December 17, 2009
by Charles Blahous
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In the wake of a crushing recession, with sharp declines in employment and government revenues, Social Security is much closer to going into the red than earlier projections had estimated. Last spring, the Social Security trustees reported that more than 75% of the program’s previously projected near-term surplus had vanished. In September, the Congressional Budget Office offered an even more sobering prediction: Social Security will begin running deficits in 2010, and by 2019 will face annual shortfalls in the neighborhood of $60 billion, which will have to be made up out of general revenue. . . .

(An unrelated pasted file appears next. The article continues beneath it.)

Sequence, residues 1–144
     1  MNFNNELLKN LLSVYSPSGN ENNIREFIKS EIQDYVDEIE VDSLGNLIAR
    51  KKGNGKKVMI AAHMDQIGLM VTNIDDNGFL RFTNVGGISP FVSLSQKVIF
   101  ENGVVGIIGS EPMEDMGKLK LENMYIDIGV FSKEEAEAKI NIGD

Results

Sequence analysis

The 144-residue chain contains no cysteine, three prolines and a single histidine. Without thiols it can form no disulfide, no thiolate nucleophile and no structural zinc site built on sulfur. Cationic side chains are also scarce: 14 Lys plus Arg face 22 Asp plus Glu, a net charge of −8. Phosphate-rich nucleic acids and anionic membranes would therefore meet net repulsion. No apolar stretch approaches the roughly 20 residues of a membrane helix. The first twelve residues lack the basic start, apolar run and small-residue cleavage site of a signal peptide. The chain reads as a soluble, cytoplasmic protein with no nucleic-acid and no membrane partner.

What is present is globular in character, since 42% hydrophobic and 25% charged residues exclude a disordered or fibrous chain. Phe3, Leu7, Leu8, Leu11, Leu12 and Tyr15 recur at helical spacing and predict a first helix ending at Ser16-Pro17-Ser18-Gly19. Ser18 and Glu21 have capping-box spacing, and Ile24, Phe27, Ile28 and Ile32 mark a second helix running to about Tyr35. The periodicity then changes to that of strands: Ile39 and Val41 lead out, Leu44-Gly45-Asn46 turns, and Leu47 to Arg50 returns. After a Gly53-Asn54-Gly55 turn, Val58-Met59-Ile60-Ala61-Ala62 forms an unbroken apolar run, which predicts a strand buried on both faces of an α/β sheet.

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Charles Blahous is a Hudson Institute senior fellow.
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